A method of forming a powder of a composite material, the composite material comprising a plurality of composite powder particles, each composite powder particle comprising both a matrix phase and a reinforcement phase distributed within the matrix phase, comprises a first step of forming a precursor powder comprising a plurality of precursor powder particles with an average particle size of less than 150 micrometres. Each precursor particle comprises a matrix precursor material, comprising a reducible compound comprising a first metal and oxygen, and a reinforcement precursor material. The method comprises a second step of reducing the precursor powder under conditions in which oxygen is removed from the matrix precursor material but in which the reinforcement precursor material does not react. Following reduction, the matrix phase of the composite material comprises the first metal, and the reinforcement phase of the composite consists of the reinforcement precursor material.

The method of the present invention may advantageously produce a powder of a composite material in which the reinforcement phase is distributed uniformly, or homogeneously, throughout the matrix phase. Preferably the matrix phase is a metal matrix, comprising the first metal. The reinforcement phase may comprise regions of reinforcement dispersed within the composite material as discrete regions, grains, or particles, distributed between grains of the matrix phase, or as discrete regions, grains or particles dispersed within individual grains of material forming the matrix phase. The presence of the

reinforcement phase within the matrix phase may advantageously alter one or more physical, electrical and/or thermal characteristics of the matrix phase, such that the properties of the composite material are different from those of the matrix phase or the reinforcement phase when considered alone.

A single particle of composite material may advantageously comprise a plurality of discrete regions, grains, or particles of the reinforcement phase distributed within one or more grains of the matrix phase.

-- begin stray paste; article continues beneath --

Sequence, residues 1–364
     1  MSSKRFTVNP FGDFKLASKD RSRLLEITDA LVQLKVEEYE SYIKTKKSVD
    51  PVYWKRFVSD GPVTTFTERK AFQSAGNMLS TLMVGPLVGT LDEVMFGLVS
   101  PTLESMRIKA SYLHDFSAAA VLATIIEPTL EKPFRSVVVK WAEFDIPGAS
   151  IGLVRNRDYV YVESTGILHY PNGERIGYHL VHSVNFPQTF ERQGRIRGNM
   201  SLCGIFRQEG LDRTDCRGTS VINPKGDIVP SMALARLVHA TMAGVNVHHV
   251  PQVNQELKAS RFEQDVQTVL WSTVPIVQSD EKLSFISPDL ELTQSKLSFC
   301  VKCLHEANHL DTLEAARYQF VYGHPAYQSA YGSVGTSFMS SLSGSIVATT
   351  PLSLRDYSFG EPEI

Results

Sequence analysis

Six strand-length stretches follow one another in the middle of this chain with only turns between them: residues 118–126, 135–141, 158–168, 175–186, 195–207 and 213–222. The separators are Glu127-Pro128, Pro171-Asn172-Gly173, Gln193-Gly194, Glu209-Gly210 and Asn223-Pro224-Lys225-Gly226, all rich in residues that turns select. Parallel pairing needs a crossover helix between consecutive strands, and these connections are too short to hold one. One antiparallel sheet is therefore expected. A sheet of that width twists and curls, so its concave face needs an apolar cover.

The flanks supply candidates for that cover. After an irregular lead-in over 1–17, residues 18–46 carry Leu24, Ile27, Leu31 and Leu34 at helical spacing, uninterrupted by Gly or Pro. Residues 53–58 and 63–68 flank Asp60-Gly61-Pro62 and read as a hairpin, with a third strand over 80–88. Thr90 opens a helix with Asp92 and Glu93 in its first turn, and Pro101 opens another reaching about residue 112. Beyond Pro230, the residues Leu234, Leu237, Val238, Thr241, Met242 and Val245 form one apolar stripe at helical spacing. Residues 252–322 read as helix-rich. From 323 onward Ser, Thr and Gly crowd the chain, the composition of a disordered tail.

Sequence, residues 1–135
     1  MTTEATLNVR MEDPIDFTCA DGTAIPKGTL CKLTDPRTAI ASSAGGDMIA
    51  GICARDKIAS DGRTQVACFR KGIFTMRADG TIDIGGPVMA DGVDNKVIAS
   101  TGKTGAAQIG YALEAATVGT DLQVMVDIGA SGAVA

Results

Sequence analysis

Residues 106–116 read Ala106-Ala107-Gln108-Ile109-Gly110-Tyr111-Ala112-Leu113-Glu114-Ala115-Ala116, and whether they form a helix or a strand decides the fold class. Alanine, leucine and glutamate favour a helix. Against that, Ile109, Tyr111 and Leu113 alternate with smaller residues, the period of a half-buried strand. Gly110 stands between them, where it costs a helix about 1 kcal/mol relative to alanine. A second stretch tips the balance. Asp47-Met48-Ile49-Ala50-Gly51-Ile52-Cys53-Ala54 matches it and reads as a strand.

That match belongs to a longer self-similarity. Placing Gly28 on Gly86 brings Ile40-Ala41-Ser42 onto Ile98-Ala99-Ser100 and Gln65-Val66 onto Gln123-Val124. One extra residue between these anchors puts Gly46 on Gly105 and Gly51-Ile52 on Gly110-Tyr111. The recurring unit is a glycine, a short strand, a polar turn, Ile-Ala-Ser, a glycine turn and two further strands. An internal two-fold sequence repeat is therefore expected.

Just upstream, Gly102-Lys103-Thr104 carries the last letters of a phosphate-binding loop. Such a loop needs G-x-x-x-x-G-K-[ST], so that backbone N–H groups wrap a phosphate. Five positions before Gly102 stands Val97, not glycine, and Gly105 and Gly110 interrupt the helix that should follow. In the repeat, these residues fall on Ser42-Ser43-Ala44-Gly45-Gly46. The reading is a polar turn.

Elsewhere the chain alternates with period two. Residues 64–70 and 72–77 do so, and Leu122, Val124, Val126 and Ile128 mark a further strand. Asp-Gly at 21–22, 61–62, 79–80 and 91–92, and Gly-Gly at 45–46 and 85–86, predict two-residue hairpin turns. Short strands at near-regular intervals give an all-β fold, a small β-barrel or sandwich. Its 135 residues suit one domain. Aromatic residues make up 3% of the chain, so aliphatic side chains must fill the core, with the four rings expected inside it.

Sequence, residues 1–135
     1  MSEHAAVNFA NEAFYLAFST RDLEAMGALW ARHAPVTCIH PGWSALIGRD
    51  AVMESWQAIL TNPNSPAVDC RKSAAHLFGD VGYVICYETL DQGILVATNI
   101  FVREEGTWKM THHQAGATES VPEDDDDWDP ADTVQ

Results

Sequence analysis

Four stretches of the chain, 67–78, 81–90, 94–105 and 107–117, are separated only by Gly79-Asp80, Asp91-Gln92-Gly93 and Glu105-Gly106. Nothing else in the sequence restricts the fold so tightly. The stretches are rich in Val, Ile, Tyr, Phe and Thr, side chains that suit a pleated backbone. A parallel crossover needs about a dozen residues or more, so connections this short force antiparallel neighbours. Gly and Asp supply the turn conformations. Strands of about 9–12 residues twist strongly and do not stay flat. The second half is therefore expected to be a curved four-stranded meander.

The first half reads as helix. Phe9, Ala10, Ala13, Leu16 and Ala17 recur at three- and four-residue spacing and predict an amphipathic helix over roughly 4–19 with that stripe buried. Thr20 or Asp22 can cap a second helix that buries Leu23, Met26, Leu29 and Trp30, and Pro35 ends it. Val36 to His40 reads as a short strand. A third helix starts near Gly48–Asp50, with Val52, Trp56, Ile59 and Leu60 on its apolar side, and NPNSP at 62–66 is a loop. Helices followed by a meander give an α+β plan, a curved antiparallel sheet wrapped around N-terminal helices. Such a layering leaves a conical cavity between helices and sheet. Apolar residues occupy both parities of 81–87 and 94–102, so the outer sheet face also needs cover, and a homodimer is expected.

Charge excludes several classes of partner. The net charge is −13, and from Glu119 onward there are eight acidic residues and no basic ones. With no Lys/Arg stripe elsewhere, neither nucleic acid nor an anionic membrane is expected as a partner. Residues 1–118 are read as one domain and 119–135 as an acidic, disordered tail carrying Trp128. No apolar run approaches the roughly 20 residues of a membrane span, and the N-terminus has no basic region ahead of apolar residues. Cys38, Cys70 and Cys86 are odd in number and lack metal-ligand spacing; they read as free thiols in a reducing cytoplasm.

The reinforcement precursor material may be termed a non-reacting reinforcement precursor material, such that the reinforcement precursor material does not react during or after reduction of the matrix precursor material, and the reinforcement phase in the composite material consists of the reinforcement precursor material. That is, the non-reacting reinforcement precursor material is a material capable of not reacting before, during, or after reduction of the matrix precursor material. A non-reacting reinforcement precursor material forms the reinforcement phase without undergoing a chemical reaction during processing, such that the reinforcement precursor material has the same composition as the reinforcement phase in the composite material. The non-reacting reinforcement precursor material thus remains unreacted, or chemically unchanged, during the reduction of the matrix precursor material, and immediately afterwards when the matrix precursor phase has been reduced.

Preferably the matrix precursor material may comprise an oxide of the first metal, or an oxide of an alloy of the first metal and one or more further metals.

The method of forming a powder of a composite material may therefore comprise: a method of producing a non-metallic precursor powder, or feedstock powder, suitable for reduction to form a composite material; and a method of reducing the precursor material to form a composite material. These steps are described separately in more detail, below.

As is known from the prior art, electrolytic processes may be used, for example, to reduce metal compounds or semi-metal compounds to metals, semi-metals, or partially-reduced compounds, or to reduce mixtures of metal compounds to form alloys. In order to avoid repetition, the term metal will be used in this document to encompass all such products, such as metals, semi- metals, alloys, intermetallics, and partially reduced products. The term non- metallic will be used to describe products that lack metallic attributes, including metal compounds, for example metal oxides, that may be reducible to form a metal. The terms feedstock powder and precursor powder will be used interchangeably.

Methods of forming a Precursor Powder

A precursor powder suitable for reduction to form a powder of a composite material may be formed by a number of methods.

The precursor powder may be formed by providing a powder of the matrix precursor material, and a powder of reinforcement precursor material, and mechanically mixing the two powders together. Preferably the powder of the matrix precursor material is combined with the powder of reinforcement precursor material, and the mixture is mechanically deformed in a high-energy environment such as a ball mill. The mechanical deformation causes the reinforcement precursor material to be incorporated into the matrix precursor material by repeated fracturing and cold welding of the powder particles, such that the reinforcement precursor material is contained at the welded interfaces. After the mechanical deformation, the mixture may be consolidated, for example by heat treatment as described below.